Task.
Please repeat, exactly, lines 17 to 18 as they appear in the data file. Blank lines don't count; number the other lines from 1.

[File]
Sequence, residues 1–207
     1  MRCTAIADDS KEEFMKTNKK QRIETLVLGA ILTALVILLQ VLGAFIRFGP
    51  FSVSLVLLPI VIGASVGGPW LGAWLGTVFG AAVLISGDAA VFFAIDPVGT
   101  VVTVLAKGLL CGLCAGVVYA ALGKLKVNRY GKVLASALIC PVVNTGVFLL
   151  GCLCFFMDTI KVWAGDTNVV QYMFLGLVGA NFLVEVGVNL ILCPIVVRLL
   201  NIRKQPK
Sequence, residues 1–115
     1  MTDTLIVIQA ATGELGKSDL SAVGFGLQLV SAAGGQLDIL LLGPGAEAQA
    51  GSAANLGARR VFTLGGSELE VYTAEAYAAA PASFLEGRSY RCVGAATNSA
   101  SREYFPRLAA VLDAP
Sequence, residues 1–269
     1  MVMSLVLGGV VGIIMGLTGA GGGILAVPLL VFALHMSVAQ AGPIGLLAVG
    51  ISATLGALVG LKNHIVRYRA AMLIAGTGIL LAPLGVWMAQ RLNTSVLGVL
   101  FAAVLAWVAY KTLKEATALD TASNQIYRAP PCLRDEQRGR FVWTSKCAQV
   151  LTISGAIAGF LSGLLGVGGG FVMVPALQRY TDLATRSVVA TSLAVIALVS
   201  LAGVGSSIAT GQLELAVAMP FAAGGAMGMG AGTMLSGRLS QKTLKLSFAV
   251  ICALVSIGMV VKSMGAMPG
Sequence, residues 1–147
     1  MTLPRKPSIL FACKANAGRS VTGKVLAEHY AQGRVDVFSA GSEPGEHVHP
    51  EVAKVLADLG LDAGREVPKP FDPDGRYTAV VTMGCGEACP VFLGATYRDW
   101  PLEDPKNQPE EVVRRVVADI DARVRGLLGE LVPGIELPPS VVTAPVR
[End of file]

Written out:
   251  ICALVSIGMV VKSMGAMPG
Sequence, residues 1–147